Wal-Mart Stores Inc. has requested that its suppliers eliminate from their products formaldehyde, triclosan, toluene, diethyl phthalate, nonylphenol exthoxylates, butylparabens, dibutyl phthalate and propylparaben as part of an effort targeting “certain properties that can affect human health or the environment.”
The Bentonville, Ark.-based retailer drew up the list with help from the Environmental Defense Fund, with the goal of prompting suppliers to seek alternatives, Zach Freeze, Walmart’s director for strategic initiatives related to sustainability, told Bloomberg, which noted that just eight high-priority chemicals were featured to allow the company to make “meaningful progress.”
In 2013, Walmart said it would ask suppliers to reduce some substances in personal care, cleaning and beauty products, but wasn’t specific about which ingredients. Its policy calls for manufacturers to list the identified ingredients on their packaging by 2018 and swap them for alternatives. The initiative involves approximately 90,000 products from 700 manufacturers. Bloomberg reported that Walmart’s suppliers have already removed 95 percent of the listed chemicals, by volume weight, from products carried in U.S. stores affected by the policy.
After congratulating Walmart for the disclosure and the reductions already achieved, Mike Schade, director of Mind the Store, a campaign of Washington, D.C.-based Safer Chemicals, Healthy Families, a grass-roots coalition that has called on major retailers to eliminate and substitute certain chemicals, noted: “This is an important milestone, but the company shouldn’t stop there. Walmart should expand its list of ‘high-priority’ chemicals to address other dangerous chemicals that scientists and doctors have linked to cancer, reproductive harm and brain damage. We challenge other leading retailers to join Walmart in tackling these unnecessary toxic chemicals.”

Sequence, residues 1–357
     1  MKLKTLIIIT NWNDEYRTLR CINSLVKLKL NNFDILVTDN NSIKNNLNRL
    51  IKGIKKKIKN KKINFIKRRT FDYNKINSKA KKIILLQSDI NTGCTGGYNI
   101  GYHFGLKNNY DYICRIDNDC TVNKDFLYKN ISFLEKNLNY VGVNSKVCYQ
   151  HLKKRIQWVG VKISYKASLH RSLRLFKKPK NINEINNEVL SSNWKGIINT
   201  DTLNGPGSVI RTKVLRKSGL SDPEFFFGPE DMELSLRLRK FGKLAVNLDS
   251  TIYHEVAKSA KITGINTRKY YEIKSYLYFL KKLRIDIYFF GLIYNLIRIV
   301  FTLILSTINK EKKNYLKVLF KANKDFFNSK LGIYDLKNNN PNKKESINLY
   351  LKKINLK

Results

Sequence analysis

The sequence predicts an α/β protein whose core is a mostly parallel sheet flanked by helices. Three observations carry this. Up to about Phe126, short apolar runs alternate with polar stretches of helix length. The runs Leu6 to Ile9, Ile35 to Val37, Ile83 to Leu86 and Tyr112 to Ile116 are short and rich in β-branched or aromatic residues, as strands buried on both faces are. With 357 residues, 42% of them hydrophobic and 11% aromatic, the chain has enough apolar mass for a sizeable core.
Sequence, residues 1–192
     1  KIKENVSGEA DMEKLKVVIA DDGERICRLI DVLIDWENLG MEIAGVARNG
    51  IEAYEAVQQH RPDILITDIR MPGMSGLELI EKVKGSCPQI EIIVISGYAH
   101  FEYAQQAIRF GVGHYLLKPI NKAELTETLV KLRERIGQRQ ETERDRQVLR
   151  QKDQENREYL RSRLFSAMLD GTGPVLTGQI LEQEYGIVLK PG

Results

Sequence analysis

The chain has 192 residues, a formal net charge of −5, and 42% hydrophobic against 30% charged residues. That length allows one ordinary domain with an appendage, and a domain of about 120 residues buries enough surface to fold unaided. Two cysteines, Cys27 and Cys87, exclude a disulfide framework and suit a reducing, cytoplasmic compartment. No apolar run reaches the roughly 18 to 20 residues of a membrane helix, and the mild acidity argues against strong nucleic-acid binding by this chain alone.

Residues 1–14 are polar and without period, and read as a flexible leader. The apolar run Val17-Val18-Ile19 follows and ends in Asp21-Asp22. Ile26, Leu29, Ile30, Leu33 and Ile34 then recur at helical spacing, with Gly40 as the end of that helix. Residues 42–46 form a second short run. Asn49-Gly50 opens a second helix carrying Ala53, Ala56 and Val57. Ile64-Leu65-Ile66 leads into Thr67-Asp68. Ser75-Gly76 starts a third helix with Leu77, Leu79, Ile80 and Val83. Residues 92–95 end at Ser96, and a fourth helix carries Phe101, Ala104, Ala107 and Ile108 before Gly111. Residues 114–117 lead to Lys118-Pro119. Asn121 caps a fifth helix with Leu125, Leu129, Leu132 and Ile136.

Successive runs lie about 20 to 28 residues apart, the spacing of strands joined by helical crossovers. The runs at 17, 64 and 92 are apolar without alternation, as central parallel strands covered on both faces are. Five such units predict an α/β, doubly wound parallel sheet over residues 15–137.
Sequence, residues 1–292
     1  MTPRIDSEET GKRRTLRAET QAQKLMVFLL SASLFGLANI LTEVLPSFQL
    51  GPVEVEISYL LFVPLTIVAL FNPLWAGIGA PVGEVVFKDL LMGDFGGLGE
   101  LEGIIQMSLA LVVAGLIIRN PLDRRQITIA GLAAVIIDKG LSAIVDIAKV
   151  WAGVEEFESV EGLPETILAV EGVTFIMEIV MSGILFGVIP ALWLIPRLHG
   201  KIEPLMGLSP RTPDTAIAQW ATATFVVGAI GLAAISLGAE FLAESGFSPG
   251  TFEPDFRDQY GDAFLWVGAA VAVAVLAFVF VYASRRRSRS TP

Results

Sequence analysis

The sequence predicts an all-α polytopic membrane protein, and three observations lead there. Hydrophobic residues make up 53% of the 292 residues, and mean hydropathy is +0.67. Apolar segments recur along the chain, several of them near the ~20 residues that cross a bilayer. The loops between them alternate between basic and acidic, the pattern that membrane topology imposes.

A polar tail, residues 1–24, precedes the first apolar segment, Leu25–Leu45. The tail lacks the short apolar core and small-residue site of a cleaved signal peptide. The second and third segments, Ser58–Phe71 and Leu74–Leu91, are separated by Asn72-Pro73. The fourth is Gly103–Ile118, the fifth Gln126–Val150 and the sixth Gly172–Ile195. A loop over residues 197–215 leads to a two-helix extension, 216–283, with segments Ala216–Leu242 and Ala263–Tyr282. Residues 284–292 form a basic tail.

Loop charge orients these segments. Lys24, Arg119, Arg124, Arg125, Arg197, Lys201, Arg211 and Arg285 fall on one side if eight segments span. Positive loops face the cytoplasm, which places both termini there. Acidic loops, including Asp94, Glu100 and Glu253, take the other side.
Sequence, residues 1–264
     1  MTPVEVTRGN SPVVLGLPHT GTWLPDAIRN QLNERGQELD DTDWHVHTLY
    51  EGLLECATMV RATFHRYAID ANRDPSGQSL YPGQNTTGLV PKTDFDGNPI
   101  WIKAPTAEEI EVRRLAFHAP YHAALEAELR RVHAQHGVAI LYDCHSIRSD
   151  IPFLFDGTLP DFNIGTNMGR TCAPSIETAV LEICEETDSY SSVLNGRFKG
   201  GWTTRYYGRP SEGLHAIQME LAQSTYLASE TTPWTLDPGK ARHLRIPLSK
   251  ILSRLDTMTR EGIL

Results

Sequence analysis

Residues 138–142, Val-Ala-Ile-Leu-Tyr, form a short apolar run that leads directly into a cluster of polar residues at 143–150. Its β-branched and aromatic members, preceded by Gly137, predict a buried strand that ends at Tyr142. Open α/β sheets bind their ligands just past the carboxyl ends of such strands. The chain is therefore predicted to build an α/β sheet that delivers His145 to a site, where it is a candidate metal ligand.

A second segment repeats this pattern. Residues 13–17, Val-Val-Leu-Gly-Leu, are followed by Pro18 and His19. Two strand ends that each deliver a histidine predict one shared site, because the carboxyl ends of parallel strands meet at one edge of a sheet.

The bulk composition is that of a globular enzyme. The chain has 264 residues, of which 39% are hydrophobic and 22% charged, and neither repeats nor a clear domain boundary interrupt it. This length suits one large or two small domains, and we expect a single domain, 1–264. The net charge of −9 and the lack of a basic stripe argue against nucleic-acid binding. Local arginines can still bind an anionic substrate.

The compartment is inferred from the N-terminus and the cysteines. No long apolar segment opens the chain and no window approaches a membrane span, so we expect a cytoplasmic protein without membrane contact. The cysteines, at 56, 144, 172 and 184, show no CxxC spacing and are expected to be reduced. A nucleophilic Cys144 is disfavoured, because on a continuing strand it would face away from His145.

Added Schade: “Big retailers like Walmart have the power to transform the marketplace and bring safer products into the hands of consumers across the world. Even with recent reforms, government actions aren’t going to keep pace with the urgency of the health threats posed by toxic chemicals, so more action like this is urgently needed from leading retailers.”